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Twenty-five-year Food and Farming Plan

Volume 617: debated on Thursday 24 November 2016

We remain committed to publishing a 25-year food and farming plan. However, the context has changed significantly following the decision to leave the EU, which creates many new opportunities to do things differently and better. We will therefore develop the 25-year food and farming plan alongside our plans for leaving the EU, and we will consult with both industry and the public.

I thank the Minister for that response, which fills me with concern. I hope that he will bring the report forward as soon as possible, given that the Select Committee on Environment, Food and Rural Affairs recommended that it be published in April this year. Can he give me some indication of when we will see this important report?

The hon. Lady is wrong to be concerned, because as I have made clear, we are committed to publishing the plan. It is a manifesto commitment. There was no commitment to publish it in April; there is a commitment to do so in this Parliament, and as I have said, the context has changed significantly. It is right to develop the plan alongside our plan to leave the European Union, so that it bears relevance to the context.

The great British breakfast cereal Weetabix is made in Burton Latimer in the Kettering constituency, and the wheat for Weetabix is grown on farms within a 50-mile radius. What proportion of the nation’s food do we grow ourselves, and what proportion would the Minister like us to grow ourselves?

With regard to the food that we can produce in this country, my hon. Friend will be aware that we produce around 74% of what we consume. If we include foods that we are unable to grow here, the percentage is slightly lower. We have a commitment to having a vibrant, profitable farming industry. We want to grow more, sell more and import less, and if we achieve all that, our self-sufficiency will improve over time.

Given the impact that Brexit will inevitably have on the 25-year food and farming plan, which has yet to be published, what discussions will the Minister have with the Northern Ireland Executive about how the plan will accommodate Brexit, particularly when it comes to agricultural exports, on which we rely for the development of our economy, as he will realise?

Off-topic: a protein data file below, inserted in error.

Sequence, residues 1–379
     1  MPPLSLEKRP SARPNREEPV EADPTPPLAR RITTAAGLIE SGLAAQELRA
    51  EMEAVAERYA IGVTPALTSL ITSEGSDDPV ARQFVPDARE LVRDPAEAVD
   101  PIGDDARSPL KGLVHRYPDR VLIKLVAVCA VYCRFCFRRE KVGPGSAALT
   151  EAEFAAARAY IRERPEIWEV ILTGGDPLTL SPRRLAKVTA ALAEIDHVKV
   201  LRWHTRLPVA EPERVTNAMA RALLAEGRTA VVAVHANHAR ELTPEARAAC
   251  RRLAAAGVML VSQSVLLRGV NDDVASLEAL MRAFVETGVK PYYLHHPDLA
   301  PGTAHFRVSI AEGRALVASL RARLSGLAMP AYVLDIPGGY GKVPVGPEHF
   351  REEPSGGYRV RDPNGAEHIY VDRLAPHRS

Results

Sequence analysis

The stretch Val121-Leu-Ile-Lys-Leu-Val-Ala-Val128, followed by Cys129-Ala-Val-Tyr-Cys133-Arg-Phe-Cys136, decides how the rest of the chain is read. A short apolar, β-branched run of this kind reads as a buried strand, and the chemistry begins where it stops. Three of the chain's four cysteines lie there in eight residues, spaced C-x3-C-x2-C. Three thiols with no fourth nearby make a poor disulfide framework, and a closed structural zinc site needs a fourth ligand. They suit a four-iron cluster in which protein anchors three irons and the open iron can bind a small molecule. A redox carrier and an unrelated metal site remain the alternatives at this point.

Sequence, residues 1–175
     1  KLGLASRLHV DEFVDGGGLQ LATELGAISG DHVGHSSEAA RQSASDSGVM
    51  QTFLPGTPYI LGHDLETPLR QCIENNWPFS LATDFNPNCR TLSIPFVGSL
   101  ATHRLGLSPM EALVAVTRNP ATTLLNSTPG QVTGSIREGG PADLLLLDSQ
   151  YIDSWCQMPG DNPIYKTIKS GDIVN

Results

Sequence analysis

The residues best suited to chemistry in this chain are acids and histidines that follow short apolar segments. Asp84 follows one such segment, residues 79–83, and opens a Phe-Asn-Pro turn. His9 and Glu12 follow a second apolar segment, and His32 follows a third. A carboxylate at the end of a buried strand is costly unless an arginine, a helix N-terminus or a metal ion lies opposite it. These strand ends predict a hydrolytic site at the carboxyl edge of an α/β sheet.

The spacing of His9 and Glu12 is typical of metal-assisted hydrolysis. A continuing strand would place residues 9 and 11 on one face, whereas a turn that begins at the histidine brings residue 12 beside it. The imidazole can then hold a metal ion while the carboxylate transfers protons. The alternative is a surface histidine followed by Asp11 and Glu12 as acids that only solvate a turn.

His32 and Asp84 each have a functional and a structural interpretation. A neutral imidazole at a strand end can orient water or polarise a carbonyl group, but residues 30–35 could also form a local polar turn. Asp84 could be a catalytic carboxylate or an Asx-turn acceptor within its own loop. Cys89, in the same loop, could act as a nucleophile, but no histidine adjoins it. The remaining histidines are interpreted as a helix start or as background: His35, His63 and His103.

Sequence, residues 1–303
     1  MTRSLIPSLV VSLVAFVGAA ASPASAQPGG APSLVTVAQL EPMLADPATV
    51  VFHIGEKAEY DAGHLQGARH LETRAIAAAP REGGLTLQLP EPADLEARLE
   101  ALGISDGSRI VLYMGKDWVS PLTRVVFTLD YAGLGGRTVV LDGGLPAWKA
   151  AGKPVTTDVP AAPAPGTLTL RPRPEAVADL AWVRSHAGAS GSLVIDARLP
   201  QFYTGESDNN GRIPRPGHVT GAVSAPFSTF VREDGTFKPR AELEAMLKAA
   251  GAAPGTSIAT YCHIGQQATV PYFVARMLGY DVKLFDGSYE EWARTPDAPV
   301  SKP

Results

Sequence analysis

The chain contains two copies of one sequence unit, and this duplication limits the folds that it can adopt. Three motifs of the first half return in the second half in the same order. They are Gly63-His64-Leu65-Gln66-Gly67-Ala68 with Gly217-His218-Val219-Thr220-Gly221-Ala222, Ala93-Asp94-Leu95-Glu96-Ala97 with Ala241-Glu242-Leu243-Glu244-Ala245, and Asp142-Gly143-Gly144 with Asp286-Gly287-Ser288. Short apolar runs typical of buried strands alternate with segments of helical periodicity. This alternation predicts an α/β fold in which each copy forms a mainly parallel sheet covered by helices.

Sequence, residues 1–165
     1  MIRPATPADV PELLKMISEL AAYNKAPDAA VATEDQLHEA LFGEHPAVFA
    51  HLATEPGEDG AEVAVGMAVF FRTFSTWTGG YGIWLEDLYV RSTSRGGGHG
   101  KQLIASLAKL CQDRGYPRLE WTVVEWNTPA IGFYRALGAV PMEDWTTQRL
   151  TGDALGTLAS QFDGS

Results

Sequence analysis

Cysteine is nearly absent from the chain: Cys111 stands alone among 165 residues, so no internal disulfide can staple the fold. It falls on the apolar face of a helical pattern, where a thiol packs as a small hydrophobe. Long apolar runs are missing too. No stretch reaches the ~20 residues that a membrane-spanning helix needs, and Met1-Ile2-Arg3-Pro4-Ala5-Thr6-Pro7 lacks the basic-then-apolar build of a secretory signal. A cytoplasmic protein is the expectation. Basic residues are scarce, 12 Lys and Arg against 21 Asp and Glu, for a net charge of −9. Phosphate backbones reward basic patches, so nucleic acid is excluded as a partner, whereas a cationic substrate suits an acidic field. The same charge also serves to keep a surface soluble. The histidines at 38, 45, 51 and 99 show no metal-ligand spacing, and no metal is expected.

I have already had meetings with Michelle McIlveen, and I recently visited Northern Ireland, where I met the Northern Ireland Food and Drink Association and spoke at its dinner, so I am already in close engagement with the Northern Ireland Executive, and indeed the Northern Ireland industry, on these issues.

13. The Wight Marque scheme, which is supported by partners Red Funnel, Taste of the Wight and the Isle of Wight County Press, is doing great work to promote truly local produce. This is an example of a small amount of money doing a lot of good for a growing and important part of the island’s economy. What steps are the Government taking to highlight the benefits that such schemes have in rural areas? (907468)

My hon. Friend makes an important point. The Wight Marque, which the Department for Environment, Food and Rural Affairs’s rural development programme helped to establish, celebrates the Isle of Wight’s brilliant food culture by accrediting local produce. DEFRA fully supports accreditation schemes. They are an opportunity to showcase local and sustainable food, they can make a real contribution to local economies, and they are completely in line with DEFRA’s approach to strengthening our brand.